About Colorectal Cancer
- Bleeding from the rectum
- Blood in the stool or in the toilet after having bowel movement
- Dark or black stools
- A change in bowel habits or the shape of the stool (e.g., more narrow than usual)
- Cramping or discomfort in the lower abdomen
- An urge to have a bowel movement when the bowel is empty
CRC Risk Factors
The American Cancer Society separates risks for developing Colorectal Cancer into two groups: factors you can change, factures you cannot change.1
Risk factors you can change
- Being overweight or obese
- Physical inactivity
- Diet – diet’s high in red meats (such as beef, pork, lamb, or liver) and processed meats (like hot dogs and some luncheon meats)
- Heavy alcohol use
Risk factors you cannot change
- Age – increases with age
- A personal history of colorectal polyps or colorectal cancer
- A personal history of inflammatory bowel disease
- Having family members who have had adenomatous polyps is also linked to a higher risk of colon cancer.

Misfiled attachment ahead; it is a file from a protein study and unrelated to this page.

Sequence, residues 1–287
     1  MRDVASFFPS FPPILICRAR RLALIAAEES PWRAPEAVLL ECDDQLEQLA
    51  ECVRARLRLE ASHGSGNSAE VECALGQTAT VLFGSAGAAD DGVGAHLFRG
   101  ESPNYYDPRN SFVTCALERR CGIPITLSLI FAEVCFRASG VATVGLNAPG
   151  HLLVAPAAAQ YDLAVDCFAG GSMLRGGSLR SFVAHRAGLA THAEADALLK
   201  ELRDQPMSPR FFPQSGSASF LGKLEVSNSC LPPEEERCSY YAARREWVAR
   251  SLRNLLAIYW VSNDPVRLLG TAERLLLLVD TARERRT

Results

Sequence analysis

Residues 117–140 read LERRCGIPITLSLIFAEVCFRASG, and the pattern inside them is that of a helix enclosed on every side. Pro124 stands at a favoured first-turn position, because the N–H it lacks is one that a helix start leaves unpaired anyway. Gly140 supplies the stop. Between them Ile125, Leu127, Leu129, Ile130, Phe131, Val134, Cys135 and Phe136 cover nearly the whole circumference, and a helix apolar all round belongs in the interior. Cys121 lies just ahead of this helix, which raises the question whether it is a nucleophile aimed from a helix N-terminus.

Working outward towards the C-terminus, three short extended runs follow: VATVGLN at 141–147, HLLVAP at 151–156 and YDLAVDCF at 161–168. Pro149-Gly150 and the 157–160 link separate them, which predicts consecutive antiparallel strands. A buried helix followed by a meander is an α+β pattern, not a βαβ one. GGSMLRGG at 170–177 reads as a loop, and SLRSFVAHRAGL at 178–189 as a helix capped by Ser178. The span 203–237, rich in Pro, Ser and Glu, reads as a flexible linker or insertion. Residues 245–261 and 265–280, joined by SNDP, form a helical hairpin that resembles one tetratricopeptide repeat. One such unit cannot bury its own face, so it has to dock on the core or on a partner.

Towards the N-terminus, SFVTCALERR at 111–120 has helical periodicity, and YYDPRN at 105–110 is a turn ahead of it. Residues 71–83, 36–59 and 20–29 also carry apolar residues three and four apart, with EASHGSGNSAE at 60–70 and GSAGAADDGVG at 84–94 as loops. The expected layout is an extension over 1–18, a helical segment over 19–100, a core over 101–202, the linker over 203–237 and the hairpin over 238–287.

- Inherited syndrome - About 5% of people who develop colorectal cancer have inherited gene changes (mutations) that cause family cancer syndromes and can lead to them getting the disease.
- Lynch syndrome (hereditary non-polyposis colorectal cancer, or HNPCC)
- Familial adenomatous polyposis (FAP)
- Rare inherited syndromes linked to colorectal cancer
- Peutz-Jeghers syndrome (PJS):
- MYH-associated polyposis (MAP):
- Racial and ethnic background
- African Americans have the highest colorectal cancer incidence and mortality rates of all racial groups in the US.
- Jews of Eastern European descent (Ashkenazi Jews) have one of the highest colorectal cancer risks of any ethnic group in the world.
- Type 2 diabetes
1 For more information, visit the American Cancer Society web site on Colorectal cancer.